Ultimately, Parker determined that she and Talcott would collaborate on a letter to Bergman discussing the various steps they might take. Elaine Sims suggested that since the artwork is in a parking structure, perhaps DDA funds could be used for restoration.

Kerrytown sculpture rededication: Later in the meeting, Chamberlin gave an update on the rededication of the Arch in Kerrytown’s Sculpture Park, which had been renovated several months ago. She wanted to know what the commission hoped to get out of a rededication ceremony. Parker said it was important that AAPAC call the work it had done on the sculpture to the public’s attention. “I think that’s a worthy thing to celebrate,” Parker said. The restoration cost nearly $30,000. 

Onder objected to focusing resources on the rededication, saying the sculpture had been there for decades and shouldn’t be a top priority. 

“I don’t think we can afford to not put forward a public face,” Parker said in response. “People tend to forget work has to be renovated or preserved.”

Commissioners discussed whether they could compromise by keeping the event low key – a simple ribbon cutting. In the end, they agreed to resolve the issue at their next meeting.

Annual Plan

Parker reminded AAPAC members that the commission’s annual plan must be ready to submit to the city council by June. She instructed each commissioner to come up with a list of projects they thought AAPAC should take on in the next year and to list the criteria they used to select those projects.

Parker mentioned that some of the commissioners had already compiled lists of possible public art installation sites and potential community projects, and they could use those lists as aids in creating their individual plans for the year. The commissioners will then discuss their ideas at their May 26 planning meeting. That meeting will be held at 5 p.m. in the second floor conference room of the JJR building, 110 Miller Ave.

“We need to start with saying what we think is most important — two or three things — and suggest the sites and start there,” Parker said.

Commissioner Jim Kern asked if they’d be broke once they paid for Dreiseitl’s project, which is budgeted for $700,000. Parker said they had about $300,000 remaining from this fiscal year, and about $400,000 for next year.

Although the projects in the annual plan don’t need to use up all of AAPAC’s funding, Parker encouraged the commissioners not to hold back too much money, since the city and its residents seem “quite eager” for more public art.

Committee Reorganization

Parker announced that three new committees had been created for planning, projects and public relations. The commissioners divided themselves among the groups with Cheryl Zuellig, Cathy Gendron and Parker on the planning committee; Connie Brown, Elaine Sims, Jim Curtis, Jim Kern and Jan Onder on projects; and Marsha Chamberlin and Cathy Gendron on public relations. Parker advised the members of each committee to meet either in person or by email as soon as possible to decide on their group’s purpose.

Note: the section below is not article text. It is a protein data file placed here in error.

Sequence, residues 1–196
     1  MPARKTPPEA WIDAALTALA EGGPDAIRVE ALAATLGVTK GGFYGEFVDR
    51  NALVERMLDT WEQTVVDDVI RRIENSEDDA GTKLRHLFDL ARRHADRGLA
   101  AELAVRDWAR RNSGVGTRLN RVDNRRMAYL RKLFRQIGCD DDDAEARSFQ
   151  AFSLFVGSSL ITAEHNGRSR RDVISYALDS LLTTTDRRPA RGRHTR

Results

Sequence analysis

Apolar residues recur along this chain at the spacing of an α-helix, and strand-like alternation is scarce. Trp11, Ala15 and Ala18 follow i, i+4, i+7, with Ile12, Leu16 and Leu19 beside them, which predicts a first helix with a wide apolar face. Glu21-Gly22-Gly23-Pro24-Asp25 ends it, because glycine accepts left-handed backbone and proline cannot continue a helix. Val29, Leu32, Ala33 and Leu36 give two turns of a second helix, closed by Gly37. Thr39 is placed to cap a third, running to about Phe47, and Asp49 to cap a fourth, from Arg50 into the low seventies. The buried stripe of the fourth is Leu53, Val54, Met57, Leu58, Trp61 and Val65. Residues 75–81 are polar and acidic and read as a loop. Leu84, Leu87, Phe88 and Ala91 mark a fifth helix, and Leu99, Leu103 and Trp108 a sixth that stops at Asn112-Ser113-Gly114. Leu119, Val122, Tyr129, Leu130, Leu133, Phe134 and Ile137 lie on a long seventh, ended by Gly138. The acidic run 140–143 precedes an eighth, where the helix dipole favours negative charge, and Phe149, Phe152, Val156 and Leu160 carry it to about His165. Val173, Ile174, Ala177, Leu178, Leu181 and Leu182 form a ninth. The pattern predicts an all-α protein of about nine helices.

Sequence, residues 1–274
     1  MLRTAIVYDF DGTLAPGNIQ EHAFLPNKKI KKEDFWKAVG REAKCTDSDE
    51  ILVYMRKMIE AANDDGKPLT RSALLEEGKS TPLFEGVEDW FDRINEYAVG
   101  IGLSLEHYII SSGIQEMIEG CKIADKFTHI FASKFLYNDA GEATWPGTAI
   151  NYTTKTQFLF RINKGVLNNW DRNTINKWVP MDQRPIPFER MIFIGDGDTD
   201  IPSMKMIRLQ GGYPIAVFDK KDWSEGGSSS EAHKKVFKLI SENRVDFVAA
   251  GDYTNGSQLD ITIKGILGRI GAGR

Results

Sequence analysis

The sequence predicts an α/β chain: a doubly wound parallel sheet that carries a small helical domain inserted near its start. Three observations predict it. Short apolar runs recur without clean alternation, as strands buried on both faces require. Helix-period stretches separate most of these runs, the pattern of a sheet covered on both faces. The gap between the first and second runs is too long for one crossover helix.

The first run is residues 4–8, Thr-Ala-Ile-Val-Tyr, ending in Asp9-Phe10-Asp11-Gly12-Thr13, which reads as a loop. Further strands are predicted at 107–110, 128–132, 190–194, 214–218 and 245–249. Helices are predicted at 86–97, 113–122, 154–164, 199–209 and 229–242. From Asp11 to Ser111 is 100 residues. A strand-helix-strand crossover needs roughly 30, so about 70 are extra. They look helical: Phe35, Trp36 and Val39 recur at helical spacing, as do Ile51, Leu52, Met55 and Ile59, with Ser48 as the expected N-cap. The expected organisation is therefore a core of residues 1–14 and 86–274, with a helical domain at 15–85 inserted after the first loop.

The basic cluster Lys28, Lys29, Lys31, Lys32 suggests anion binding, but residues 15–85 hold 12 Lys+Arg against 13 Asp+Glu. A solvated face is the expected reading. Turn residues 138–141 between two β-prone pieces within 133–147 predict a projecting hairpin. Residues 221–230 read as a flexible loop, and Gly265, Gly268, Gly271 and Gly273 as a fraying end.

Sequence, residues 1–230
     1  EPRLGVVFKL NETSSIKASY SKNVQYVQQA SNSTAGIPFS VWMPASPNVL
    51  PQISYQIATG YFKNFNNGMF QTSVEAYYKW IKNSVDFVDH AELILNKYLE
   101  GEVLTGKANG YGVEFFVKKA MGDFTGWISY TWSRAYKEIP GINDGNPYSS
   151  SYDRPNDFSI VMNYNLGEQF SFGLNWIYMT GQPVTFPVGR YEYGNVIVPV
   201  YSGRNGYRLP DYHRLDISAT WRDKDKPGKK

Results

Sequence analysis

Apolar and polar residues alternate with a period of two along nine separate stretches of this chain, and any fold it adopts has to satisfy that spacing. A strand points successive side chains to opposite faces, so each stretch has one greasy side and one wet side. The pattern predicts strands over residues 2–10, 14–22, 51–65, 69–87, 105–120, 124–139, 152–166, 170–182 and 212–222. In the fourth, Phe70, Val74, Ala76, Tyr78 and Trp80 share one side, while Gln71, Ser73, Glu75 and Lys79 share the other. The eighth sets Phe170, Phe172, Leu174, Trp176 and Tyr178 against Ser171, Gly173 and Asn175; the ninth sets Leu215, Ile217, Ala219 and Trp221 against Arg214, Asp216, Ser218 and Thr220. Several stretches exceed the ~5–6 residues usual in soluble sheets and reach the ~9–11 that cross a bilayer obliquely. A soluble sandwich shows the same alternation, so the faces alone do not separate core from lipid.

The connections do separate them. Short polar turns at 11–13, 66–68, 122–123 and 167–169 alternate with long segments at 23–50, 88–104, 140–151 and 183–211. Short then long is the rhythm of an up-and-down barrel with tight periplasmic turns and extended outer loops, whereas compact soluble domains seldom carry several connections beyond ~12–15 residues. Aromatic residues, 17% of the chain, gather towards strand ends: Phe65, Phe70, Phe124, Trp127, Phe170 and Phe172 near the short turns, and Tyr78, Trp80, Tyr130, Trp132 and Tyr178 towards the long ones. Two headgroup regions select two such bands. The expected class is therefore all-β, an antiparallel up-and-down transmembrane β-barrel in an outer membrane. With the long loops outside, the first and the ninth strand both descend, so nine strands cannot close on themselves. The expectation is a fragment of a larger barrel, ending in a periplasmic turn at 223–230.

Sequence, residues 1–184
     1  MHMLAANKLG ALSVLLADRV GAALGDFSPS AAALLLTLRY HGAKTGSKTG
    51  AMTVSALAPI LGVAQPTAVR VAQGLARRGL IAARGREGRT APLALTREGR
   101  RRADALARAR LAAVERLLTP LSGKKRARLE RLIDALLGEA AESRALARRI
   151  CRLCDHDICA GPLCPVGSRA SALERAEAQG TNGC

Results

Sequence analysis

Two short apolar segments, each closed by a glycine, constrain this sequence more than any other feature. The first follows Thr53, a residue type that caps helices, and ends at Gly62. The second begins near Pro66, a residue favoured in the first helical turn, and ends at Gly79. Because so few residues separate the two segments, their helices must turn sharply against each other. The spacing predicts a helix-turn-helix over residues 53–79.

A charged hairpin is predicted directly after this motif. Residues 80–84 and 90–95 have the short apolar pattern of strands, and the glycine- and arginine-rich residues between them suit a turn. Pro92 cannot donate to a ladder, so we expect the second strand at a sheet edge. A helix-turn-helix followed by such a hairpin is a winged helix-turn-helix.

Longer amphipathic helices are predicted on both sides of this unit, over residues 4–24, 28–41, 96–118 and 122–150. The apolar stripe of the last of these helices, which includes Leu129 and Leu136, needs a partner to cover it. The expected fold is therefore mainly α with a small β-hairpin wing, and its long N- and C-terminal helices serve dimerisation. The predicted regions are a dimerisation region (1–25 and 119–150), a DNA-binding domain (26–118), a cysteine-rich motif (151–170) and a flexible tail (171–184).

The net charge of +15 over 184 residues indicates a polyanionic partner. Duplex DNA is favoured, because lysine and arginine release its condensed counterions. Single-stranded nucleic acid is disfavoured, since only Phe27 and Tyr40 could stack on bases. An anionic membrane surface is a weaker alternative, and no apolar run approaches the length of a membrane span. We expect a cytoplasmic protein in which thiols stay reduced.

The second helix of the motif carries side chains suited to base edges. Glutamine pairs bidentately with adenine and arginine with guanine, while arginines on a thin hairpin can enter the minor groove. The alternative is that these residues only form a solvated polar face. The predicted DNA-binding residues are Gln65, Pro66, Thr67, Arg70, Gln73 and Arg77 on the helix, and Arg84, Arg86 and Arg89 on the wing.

Website Issues

Parker addressed the issue of AAPAC’s dual web presence – she said the commission’s independent website and its space on the city’s web page should relate to each other. A link between the two pages would be useful for directing individuals interested in the commission who come across the page on the city’s site first, she said.

Parker commented that the city-hosted site was limited, using a design made up mostly of text. Administrative coordinator Jean Borger said the city wouldn’t allow AAPAC to modify that format. “They do not want us to expand that site,” Borger said.

Parker stated that it was important for the city site and the commission’s independent site to work together smoothly. She proposed that issues concerning the two websites should be handled by AAPAC’s PR committee. Jan Onder noted that Annie Wolock of Keystone Media has been maintaining AAPAC’s independent site free of charge.

Public Art Inventory

Borger gave the commission an update on the ongoing project of taking inventory of public art in Ann Arbor. So far, they have compiled a database on 75 works, and are within two to three months of being able to provide public access to some portion of the database. The project currently focuses only on city-owned art, primarily located in city hall. Parker suggested coordinating with the University of Michigan concerning art on campus and creating a website with a map showing the location of public art pieces throughout the city. It could be one of the tasks given to the PR committee, Parker suggested.

Dreiseitl and the Municipal Center

Parker noted that the public art installment at the municipal center, which has been AAPAC’s sole project over the past year, is still ongoing. The German artist commissioned for the project, Herbert Dreiseitl, will be coming to Ann Arbor on July 20. Talcott said she hopes to obtain drawings and models of Dreiseitl’s proposed work to display in a public space before then.